The Ekiti State Governor, Kayode Fayemi, on Tuesday, briefed Mr Buhari on the limitations of the distribution of palliatives to vulnerable persons to curb the economic impact of the coronavirus.

The 36 state governors under the aegis of the Nigeria Governors’ Forum, NGF, have disclosed that the country will take delivery of 80 million doses of COVID-19 vaccines to cover 40 percent of the nation’s population this year, while another 60 million doses were being planned for 2022.

Disclosing this yesterday, at Chatham House London, UK at a virtual event, Chairman of NGF and Ekiti State governor, Dr Kayode Fayemi said that beyond the procurement of Vaccines by the Federal Government, the governors were strong proponents of the utilisation of public-private partnerships in vaccines procurement as a means of closing the gap between what is available and what is necessary to achieve immunity.

Fayemi spoke on the “Role of Nigeria’s State Governments in Recovery: Responses to COVID- 19 Linked Challenge.”

He however, urged the Federal Government to as a matter of urgency adopt an approach that would make it move away from emergency response to strengthening the resilience and sustainability of the health system.

Fayemi said: “We expect that about 80m doses of vaccines would be available in 2021 to cover 40 percent of the population, while another 60m doses are being planned for 2022. Beyond government’s procurement of vaccines, we at the NGF are also strong proponents of the utilisation of public-private partnerships in vaccines procurement as a means of closing the gap between what is available and what is necessary to achieve herd immunity.

“As we already know, vaccines themselves are not cost effective, but rather immunisation is. To ensure people are immunized, state governments have a role to play in supporting the logistics and ensuring people get the vaccines.

“As we look forward to recovery from the impact of the COVID-19 pandemic, our approach must shift from emergency response to strengthening the resilience and sustainability of our health system. We must task ourselves and rethink existing assumptions and facts around financing and delivery of health care in a manner that guarantees we build back better.

“In the medium to long term, we must begin to think strategically about the future of public health security and therefore, explore the potential of in-country manufacturing of approved vaccines, following technology transfer. The pandemic is a good reminder of the implications of public health outbreaks on national security. We must take the leap and gain a better level of independence, in the area of vaccine research and development but also science generally.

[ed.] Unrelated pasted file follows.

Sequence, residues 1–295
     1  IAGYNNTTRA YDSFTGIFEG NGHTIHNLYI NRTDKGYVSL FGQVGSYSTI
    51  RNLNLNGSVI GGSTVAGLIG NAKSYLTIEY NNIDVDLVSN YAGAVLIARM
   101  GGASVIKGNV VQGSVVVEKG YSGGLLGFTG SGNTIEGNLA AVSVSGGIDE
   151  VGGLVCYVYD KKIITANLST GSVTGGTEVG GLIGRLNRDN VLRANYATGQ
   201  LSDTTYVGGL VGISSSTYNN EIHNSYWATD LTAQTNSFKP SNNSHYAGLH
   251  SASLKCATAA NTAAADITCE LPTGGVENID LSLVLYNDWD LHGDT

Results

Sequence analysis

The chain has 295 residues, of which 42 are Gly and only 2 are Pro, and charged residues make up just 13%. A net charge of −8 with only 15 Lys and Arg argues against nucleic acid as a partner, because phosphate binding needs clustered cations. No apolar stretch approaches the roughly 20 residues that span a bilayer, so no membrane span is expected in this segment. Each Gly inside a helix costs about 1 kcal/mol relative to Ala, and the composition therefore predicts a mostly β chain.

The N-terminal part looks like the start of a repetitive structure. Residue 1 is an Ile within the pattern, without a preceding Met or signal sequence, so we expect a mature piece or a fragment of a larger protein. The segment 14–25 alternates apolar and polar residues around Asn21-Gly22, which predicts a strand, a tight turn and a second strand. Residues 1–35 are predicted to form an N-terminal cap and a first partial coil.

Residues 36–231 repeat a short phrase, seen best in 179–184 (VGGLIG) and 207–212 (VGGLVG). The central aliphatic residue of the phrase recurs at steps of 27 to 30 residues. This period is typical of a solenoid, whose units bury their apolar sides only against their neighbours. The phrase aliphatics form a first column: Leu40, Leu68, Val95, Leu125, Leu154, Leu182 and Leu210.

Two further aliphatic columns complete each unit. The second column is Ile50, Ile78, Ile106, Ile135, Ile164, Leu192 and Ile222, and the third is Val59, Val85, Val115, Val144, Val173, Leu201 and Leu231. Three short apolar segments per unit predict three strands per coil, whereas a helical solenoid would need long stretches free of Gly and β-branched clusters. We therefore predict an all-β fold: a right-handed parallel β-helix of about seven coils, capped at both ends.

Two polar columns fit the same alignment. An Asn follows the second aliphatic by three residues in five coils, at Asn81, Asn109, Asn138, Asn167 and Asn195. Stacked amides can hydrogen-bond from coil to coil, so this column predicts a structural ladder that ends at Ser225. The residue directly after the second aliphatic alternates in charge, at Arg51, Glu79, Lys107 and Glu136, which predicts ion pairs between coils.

“When Nigeria reported its first case in late February 2020, only four laboratories in the country could test for COVID-19. By October 2020, testing capacity had expanded to over 70 laboratories across the 36+1 states.”

The scale up of laboratory services was important given the size of the country and the need to rapidly obtain results for suspected cases. As at December 2020, more than 45,000 health workers have been trained across the country on infection prevention and control measures.

“These preventive actions are important given that a major priority in the country’s response is to break the chain of transmission individually and collectively through adherence to public health and social measures.

“On the economic front, our major priority is to secure livelihoods. National monetary and fiscal policy reforms must align to support improvements in household income. Working with the Federal Government, a number of employment creation programmes have been created and currently being implemented. The Central Bank of Nigeria, CBN, has played an important role here and we must commend them.

“Intervention funds have been made available with interest rates below inflation, in the hope that we can stimulate growth of small and medium scale businesses. Similarly, institutions such as the Bank of Industry and Bank of Agriculture have also given moratoriums on existing loans to ease the burden of payment.”

On what the federal and state governments have done so far, he said, “Nigeria was very pro-active in handling the first wave and continues to remain so. Prior to the confirmation of the first case on February 27, 2020, the country actively monitored events around the world, with a public health advisory published by the Nigerian Centre for Disease Control, NCDC, a month before the first confirmed case in the country.

“A presidential task force was established to coordinate multi-sectoral response to the pandemic while a public health emergency operation centre was established under the NCDC. In March 2020, the country’s airports were closed with the exception of essential flights and inter-state movements restricted in order to minimise the spread of the virus.

“On the health front, about $20million was made available to support NCDC at the outset to scale its capacity to adequately respond to emerging issues.

“The private sector in Nigeria harnessed their strengths to establish the Coalition Against COVID-19, CACOVID, which was launched in March 2020, to support the government’s control efforts.

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